Jake returns to Los Angeles where he receives a $50,000 reward by the FBI for helping them in the Palmer Woodward case after the arrest of Brittany, in which he uses the money to buys Shooters. Jane ...
J.R. Ewing, a Texas oil baron, uses manipulation and blackmail to achieve his ambitions, both business and personal. He often comes into conflict with his brother Bobby, his arch-enemy Cliff Barnes and his long-suffering wife Sue Ellen.
Ally McBeal and Billy Thomas were going steady throughout their childhoods. Ally even followed Billy to Harvard law school despite having no interest in law. But when Billy chose to pursue ... See full summary »
Hilary Michaels, the estranged mother of Amanda Woodward, is the owner, president and CEO of Models Inc., a top Los Angeles modeling agency which, like her ruthless and aggressive daughter ... See full summary »
A free spirited yoga instructor finds true love in a conservative lawyer and they got married on the first date. Though they are polar opposites; her need of stability is fulfilled with him, his need of optimism is fulfilled with her.
The lives and loves of a group of young adults living in "Melrose Place" in California. Each with their own dreams and drives, the inevitable conflicts, conquests, and consummations ensue. Written by
Murray Chapman <firstname.lastname@example.org>
Melrose Place is a so-called "branch" of Beverly Hills, 90210 (1990) since part of the Melrose Place story begins there. Grant Show had appeared on two episodes of Beverly Hills, 90210 (1990) (as Jake Hanson), to introduce this spin-off, to viewers. Also in the pilot the cast of Beverly Hills, 90210 (1990) which included Jennie Garth, Ian Ziering, Brian Austin Green, and Tori Spelling. Garth appeared on the first three episodes of Melrose to continue their characters' story lines, with brief appearances by Ziering and Green in each show. Spelling appeared in only the first two shows because her character then left to study in France for the rest of the summer. See more »
I'm a prostitute, okay? I belong here.
We're both prostitutes. Practically everybody I know is a prostitute.
At least everybody on this street.
Would you bud out.
See more »
In its heyday, Melrose Place was a fun and complex 60-minute roller-coaster ride every week. It started off slow and weak, but began to pick up steam midway through the first season with the addition of Heather Locklear. Though many credit Locklear for the show's success, the real stars of the show were people like Thomas Calabro, Laura Leighton and Marcia Cross, as the Kimberly/Michael/Sydney storyline was the driving force of the show. The show peaked in its second and third seasons, but by season four things began to fall apart. The writing, while always over the top, reached a new level of ludicrousness towards the end of season four and the show made no sense whatsoever (i.e., Evil Billy, Amanda using Billy to keep her job at D&D, and Kimberly's mutiple-personality story which culminated in her attempting to lobotomize Peter ). To its credit, the show realized its mistakes and several behind the scenes changes were made at the end of season four (namely the firing of several writers on the show ). By season five, the show had back down to earth and told more traditional soap stories (i.e. the Billy/Alison/Jake/Jane quadrangle and the Amanda/Peter/Taylor triangle ). New players, including Lisa Rinna, Rob Estes, David Charvet, and Kelly Rutherford were added to the show. The show rebounded, but towards the end of season five things began to fall apart again due to the loss of several veteran cast members. By the end of season five Marcia Cross, Laura Leighton, Courtney Thorne-Smith, Josie Bissett and Grant Show were gone. Especially damaging was the fact that the show had killed its two best characters in Kimberly and Sydney. That's why, for me, the last "real" episode of MP was the fifth season finale on May 19, 1997. Spelling and Co. saw many of these departures coming, but figured the void would be easily filled by the new faces that were brought in in season five. They were sorely mistaken. Season six was a disaster, for the most part. Even more new faces (Linden Ashby and Jamie Luner) were added to the show and another veteran cast member (Doug Savant) was gone after the sixth season premiere. The combination of too many new faces and poor writing irrevocably damaged the show. The show hit rock bottom in early 1998 when FOX announced the show would be pulled after March 30 and return sometime in the summer. It was also announced that the show would be once again retooled and thus several cast members would leave later that season and original cast member Josie Bissett would return. When the show returned in the summer of '98, there was a flicker of hope as several storylines became interesting to watch (i.e. the Kyle/Amanda/Peter triangle, the Billy/Samantha/Jeff/Jennifer quadrangle, and the rekindled Jane/Michael romance). But the fun was short-lived. On September 7, 1998, Billy, Samantha, Jennifer, Coop and Taylor all left L.A. for greener pastures, and on September 14, the "new" Melrose debuted. It was obvious from that episode "The World According to Matt" that no matter how hard TPTB tried, the magic was gone. The show sputtered through its final season, as the addition of Rena Sofer proved to be a failure. The final episode on May 24, 1999 was exactly like the final two seasons of MP: disappointing.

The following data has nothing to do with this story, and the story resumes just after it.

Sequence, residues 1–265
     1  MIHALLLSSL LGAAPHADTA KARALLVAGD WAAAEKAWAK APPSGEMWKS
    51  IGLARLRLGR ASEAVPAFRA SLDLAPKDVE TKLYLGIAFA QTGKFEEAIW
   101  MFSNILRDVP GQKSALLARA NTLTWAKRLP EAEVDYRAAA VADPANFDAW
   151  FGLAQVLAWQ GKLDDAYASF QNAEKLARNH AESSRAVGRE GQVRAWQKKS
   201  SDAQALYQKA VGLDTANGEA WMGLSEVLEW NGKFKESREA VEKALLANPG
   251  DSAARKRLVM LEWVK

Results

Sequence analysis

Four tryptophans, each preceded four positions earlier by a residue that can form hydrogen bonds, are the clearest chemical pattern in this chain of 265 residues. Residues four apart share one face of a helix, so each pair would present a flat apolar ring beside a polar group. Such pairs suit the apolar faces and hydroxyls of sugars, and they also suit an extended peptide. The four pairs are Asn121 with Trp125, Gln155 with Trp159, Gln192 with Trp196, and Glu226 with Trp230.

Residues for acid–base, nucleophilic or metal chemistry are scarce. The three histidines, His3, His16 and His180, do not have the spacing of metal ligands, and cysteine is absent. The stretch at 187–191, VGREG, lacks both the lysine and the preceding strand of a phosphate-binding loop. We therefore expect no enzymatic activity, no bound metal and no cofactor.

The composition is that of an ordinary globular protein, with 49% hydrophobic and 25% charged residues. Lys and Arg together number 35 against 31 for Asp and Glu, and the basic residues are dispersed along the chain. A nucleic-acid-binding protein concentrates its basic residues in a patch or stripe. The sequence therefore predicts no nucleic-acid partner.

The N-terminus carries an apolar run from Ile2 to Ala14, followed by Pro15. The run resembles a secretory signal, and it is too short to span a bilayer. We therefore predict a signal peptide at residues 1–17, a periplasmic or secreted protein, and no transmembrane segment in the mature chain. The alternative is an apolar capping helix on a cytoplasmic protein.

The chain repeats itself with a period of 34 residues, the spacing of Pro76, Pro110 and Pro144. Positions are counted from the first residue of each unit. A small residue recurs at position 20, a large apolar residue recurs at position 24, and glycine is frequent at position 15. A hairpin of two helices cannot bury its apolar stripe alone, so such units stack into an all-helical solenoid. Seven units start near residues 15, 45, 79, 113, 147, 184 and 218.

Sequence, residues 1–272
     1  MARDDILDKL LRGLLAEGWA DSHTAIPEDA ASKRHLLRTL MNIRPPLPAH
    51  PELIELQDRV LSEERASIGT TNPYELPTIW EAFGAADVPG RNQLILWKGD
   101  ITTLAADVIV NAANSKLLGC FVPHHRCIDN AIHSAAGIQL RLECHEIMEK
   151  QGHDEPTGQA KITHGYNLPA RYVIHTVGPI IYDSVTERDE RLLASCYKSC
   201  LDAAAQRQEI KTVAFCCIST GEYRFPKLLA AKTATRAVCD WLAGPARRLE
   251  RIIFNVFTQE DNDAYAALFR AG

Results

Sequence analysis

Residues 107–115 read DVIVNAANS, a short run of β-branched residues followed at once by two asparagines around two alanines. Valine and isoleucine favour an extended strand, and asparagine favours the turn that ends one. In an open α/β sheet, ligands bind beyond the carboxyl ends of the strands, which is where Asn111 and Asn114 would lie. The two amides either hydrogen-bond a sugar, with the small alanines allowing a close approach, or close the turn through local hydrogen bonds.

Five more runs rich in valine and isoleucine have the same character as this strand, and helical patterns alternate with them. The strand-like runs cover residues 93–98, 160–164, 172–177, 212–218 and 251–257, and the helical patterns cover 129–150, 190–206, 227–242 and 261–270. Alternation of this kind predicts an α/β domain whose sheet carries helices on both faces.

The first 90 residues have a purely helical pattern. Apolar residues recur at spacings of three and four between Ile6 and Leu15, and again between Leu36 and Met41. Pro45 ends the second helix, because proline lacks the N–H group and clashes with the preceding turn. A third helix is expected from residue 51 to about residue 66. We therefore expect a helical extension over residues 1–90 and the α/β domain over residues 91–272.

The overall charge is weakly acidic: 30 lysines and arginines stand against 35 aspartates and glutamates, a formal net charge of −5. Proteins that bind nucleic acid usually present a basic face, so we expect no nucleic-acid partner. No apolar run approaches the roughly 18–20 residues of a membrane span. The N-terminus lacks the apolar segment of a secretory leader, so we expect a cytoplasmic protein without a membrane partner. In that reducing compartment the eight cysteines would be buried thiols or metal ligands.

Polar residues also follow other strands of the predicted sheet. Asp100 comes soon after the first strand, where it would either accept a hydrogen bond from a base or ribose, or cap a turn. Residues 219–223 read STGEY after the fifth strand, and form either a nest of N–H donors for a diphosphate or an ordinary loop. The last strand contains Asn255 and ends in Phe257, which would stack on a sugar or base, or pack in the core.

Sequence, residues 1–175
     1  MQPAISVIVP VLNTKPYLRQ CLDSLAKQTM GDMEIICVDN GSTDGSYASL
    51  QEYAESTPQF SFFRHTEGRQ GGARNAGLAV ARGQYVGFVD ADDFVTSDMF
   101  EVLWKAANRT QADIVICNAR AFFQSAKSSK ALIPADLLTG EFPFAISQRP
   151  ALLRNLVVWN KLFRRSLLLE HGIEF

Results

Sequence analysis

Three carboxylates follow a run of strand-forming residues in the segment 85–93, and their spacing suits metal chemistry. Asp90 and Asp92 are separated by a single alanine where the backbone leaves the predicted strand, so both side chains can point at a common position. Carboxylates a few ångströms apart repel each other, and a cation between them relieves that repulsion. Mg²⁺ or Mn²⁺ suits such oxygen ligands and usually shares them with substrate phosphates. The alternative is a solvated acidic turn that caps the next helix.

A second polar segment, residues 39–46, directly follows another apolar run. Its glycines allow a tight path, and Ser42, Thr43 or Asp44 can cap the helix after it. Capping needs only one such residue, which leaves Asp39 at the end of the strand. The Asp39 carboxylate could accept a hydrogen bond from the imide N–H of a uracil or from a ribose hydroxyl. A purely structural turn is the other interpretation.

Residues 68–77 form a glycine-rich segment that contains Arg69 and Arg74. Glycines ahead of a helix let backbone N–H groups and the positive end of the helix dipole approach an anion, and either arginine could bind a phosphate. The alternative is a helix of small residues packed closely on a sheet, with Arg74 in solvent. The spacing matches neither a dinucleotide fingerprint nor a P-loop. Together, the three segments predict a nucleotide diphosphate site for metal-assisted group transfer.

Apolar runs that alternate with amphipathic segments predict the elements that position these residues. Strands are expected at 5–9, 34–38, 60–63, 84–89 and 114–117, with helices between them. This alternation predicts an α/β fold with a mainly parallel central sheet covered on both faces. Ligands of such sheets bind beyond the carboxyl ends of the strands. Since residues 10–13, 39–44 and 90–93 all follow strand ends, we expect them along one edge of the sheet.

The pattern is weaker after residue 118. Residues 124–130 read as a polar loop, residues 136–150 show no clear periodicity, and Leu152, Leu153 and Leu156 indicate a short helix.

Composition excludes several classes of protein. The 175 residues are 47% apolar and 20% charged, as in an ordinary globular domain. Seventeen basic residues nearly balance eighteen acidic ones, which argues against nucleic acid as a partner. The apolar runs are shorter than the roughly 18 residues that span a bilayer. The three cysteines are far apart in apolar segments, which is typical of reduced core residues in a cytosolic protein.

8 of 9 people found this review helpful.
Was this review helpful to you?
| Report this